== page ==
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1. Transportation Security
2. Bridge and Tunnel Vulnerability Assessments

3. Highway Vulnerability Assessment

Step 6 - Security operational planning

State DOTs must first define the scope and objectives for security operational planning in light of establishing emergency plans. In general, this activity will confirm the baseline of established emergency plans and will assess any shortfalls or gaps against the criticalities, vulnerabilities and consequences identified in Steps 1-3. As described in Step 6b, State DOTs need to develop a security operational plan to address the shortfalls and gaps identified against their baseline plans

Develop a security operational plan In order to carry out State DOT roles and responsibilities and maximize U.S. DOT assistance in emergency response situations, substantial transportation resources and plans/procedures must be in place. The overlay of terrorism and WMD on the existing emergency management context introduces a number of new considerations as set forth above. The existing transportation strategies embodied in existing plans may need to be adjusted for characteristics such as scale, lack of lead time, crime scene management, etc. The need for special transportation responses (e.g., quarantining) may be introduced. A set of new hazards for first responders must be a consideration.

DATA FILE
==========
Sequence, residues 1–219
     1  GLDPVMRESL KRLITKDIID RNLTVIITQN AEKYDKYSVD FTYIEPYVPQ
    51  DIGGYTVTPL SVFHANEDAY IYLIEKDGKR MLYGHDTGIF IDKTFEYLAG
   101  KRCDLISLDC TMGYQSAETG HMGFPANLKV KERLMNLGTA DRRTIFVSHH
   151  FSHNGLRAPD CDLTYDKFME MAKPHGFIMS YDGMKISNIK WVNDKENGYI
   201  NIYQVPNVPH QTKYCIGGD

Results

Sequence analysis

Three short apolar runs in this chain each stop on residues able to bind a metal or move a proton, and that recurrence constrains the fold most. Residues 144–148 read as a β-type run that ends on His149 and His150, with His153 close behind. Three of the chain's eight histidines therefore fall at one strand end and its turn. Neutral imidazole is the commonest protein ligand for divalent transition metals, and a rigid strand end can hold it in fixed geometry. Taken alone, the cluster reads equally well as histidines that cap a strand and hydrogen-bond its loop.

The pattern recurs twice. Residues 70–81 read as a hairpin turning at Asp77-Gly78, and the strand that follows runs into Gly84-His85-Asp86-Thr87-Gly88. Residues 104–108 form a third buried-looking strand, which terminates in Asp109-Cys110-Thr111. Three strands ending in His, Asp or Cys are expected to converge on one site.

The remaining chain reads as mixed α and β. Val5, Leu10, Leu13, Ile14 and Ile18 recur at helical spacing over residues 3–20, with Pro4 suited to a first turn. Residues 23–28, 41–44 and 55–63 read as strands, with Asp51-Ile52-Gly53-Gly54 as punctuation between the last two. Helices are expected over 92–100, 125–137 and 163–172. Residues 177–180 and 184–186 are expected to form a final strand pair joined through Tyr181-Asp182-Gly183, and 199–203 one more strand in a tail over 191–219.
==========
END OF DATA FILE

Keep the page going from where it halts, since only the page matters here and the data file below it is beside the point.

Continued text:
Initiate training and exercise activities. Good policies, plans, and program development are the beginnings of preparedness. Implementing awareness, training and qualification programs as part of security operational planning helps to determine organizational effectiveness in dealing with a crisis. Experience and data show that training and exercise activities are a practical and efficient way to prepare for crises. They test critical resistance, identify procedural difficulties, and provide a plan for corrective actions to improve crisis and consequence management response capabilities without the penalties that might be incurred in a real crisis. Training and exercise activities also provide a unique learning opportunity to synchronize and integrate cross-functional and intergovernmental emergency response. Without a common level of awareness, training, or standards, State DOTs and all other responders from the many different organizations and jurisdictions will have difficulty functioning together coherently when confronted by a serious natural, technological, or terrorist incident. Some elements of a training and exercise program for WMD terrorism include: Awareness – Understanding the functions of security operational planning in terms of the full range of threats and vulnerabilities faced by an organization. Training – Implementing and adjusting the security operational plan and developing skills critical to WMD preparedness and response; rehearsing State DOT personnel in their assigned roles and testing whether their response expectations are appropriate. Training can also identify lessons learned, improved standards for performance, and additional resources. Standards – Identifying which members of an organization have met the required or desired level of training appropriate  modifications and/or improvements that may be appropriate to the WMD context

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